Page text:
Co-op Bank boss: still on the hunt for merger deals


o-op Bank today signalled it is still on the hunt for merger deals, a week after it was snubbed by the Spanish owners of TSB.

Chief executive Nick Slape concedes the bank needs scale to compete with the high street giants and the new breed of fintech bank apps.

“We have an organic plan that works,” he told the Standard. “But we are looking at opportunities. We are looking at things on paper, but they have got to be doable. The more we can do ourselves, the more we can be prepared to take opportunities when they arrive.”

TSB owners Banco de Sabadell turned the Co-op down flat saying it was “not a transaction we wish to explore at this moment”.

Slape said on the deal’s chances of returning “never say never”. A combined business would have assets of £60 billion, roughly comparable to Virgin Money, he noted.

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It would have eight million customers and 900 branches. Slape said the talks didn’t go far enough to consider what would have happened to the TSB brand.

In the third quarter the bank made profit of £25 million. It did £1.1 billion of mortgage loans taking the total for the year to £4.1 billion.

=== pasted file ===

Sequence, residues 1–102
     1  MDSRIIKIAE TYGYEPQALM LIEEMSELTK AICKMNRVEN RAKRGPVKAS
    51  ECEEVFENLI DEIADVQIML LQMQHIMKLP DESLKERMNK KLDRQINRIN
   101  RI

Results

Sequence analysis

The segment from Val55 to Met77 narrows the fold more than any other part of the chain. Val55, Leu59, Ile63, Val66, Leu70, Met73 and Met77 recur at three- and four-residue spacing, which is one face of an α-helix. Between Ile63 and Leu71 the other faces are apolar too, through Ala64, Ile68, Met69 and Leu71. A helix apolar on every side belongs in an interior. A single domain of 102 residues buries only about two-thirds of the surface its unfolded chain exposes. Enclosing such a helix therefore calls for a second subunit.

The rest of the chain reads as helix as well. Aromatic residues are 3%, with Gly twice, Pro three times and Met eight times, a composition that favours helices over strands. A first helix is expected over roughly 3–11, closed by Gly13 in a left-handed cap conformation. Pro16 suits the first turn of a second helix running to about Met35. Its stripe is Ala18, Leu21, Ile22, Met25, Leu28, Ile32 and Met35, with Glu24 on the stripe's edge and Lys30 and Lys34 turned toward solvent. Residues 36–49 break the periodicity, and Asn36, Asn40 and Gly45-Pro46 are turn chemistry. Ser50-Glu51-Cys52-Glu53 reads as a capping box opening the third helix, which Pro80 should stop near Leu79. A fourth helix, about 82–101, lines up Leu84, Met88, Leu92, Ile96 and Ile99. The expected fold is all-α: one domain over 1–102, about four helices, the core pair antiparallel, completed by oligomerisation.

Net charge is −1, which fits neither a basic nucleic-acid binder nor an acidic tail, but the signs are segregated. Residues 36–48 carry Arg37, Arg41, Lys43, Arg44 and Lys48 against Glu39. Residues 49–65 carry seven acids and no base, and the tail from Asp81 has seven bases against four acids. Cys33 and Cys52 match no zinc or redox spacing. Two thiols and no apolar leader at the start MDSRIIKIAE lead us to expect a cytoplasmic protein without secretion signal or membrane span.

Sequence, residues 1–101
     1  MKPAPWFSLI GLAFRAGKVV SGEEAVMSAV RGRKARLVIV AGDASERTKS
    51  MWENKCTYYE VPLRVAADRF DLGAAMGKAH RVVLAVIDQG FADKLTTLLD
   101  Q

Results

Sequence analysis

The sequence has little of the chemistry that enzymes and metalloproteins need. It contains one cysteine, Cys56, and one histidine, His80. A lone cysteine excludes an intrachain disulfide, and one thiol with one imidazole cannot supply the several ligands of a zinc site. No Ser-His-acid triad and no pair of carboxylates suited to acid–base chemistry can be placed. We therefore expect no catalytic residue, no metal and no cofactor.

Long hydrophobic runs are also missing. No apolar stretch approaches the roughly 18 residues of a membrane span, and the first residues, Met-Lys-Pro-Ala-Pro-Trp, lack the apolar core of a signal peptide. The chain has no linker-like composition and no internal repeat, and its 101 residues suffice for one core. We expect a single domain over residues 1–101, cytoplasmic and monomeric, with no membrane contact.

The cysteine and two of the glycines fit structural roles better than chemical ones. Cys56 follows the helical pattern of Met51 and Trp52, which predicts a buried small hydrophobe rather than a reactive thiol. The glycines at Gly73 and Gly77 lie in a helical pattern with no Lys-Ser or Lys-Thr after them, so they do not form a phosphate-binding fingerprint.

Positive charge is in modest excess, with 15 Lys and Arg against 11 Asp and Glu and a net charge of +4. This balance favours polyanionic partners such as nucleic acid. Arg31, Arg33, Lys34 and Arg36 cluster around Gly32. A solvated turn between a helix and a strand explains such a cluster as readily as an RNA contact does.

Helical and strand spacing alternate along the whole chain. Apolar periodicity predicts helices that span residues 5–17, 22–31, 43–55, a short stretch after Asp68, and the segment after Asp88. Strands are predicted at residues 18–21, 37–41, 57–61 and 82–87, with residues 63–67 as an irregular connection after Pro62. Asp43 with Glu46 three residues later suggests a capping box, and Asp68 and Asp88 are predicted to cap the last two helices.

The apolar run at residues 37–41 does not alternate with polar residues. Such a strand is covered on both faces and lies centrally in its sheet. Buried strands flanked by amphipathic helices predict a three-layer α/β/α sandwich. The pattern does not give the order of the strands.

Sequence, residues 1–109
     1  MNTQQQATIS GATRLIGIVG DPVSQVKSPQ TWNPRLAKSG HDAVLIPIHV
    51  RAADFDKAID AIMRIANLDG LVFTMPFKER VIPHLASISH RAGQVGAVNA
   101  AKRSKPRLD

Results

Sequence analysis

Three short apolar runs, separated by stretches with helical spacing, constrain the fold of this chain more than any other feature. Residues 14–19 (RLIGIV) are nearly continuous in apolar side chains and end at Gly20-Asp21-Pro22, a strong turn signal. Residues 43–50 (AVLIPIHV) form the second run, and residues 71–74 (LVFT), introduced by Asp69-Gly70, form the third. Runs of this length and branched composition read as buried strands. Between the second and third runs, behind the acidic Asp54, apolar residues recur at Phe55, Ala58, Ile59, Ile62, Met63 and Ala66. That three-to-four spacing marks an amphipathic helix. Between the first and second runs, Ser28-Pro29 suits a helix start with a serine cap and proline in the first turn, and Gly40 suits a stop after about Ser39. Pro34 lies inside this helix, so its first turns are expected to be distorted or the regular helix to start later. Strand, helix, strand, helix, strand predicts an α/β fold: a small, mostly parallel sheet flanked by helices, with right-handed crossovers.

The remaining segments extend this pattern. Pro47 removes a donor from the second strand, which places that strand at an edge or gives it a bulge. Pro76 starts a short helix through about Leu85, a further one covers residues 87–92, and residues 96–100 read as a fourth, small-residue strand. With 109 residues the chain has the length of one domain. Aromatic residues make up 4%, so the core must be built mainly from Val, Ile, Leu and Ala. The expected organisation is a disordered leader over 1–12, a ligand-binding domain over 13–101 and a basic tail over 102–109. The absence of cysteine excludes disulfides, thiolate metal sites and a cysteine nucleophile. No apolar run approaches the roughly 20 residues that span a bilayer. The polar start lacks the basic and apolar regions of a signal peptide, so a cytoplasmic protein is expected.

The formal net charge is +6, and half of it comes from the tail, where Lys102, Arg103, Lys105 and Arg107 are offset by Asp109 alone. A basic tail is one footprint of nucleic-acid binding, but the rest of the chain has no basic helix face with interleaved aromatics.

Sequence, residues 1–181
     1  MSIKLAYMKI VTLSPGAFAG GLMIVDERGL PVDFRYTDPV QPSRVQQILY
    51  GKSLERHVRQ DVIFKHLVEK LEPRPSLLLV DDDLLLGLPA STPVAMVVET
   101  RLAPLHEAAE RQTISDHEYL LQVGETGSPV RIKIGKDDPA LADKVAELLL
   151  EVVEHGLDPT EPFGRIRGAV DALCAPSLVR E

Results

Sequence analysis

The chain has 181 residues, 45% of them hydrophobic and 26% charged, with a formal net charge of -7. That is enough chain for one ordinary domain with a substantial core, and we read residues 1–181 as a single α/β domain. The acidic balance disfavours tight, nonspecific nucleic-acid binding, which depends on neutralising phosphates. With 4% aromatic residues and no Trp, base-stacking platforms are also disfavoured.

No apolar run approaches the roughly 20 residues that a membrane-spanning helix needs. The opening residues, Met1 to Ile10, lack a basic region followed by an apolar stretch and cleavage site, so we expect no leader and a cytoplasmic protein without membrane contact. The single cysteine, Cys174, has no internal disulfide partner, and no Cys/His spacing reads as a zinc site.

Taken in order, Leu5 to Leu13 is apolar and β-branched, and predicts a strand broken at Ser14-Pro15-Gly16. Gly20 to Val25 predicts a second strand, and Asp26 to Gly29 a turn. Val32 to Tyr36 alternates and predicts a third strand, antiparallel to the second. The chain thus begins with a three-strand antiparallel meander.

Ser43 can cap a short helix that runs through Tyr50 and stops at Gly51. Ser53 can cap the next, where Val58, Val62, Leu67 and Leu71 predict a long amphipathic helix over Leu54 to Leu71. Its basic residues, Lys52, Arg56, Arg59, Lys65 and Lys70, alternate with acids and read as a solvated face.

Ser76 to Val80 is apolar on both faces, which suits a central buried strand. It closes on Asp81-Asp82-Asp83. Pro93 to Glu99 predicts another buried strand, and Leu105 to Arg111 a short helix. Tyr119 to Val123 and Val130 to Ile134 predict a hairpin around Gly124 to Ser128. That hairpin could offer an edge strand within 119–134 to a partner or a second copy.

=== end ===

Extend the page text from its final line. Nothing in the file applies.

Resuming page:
Co-op Bank was rescued by US hedge funds a few years ago after an extraordinary series of scandals that culminated in then chairman Paul Flowers being exposed as a drug user who paid male prostitutes.

A Reverend, he was dubbed The Crystal Methodist by tabloids.

Slape, who got the CEO job a year ago, says the owners are supportive and understand the need to retain the co-operative credentials that appeal to customers.

“We have sophisticated ambitious shareholders that are willing to put new money into the bank,” he said.

They include Anchorage, Silverfleet, GoldenTree and Invesco.

Yesterday Metro Bank revealed it has had a bid from private equity house Carlyle. The shares rocketed.

That is a sign of the further consolidation likely among mid-tier lenders.

Metro Bank shares today edged up about 3p to 136p. They were over 4000p three years ago before an accounting failure was exposed.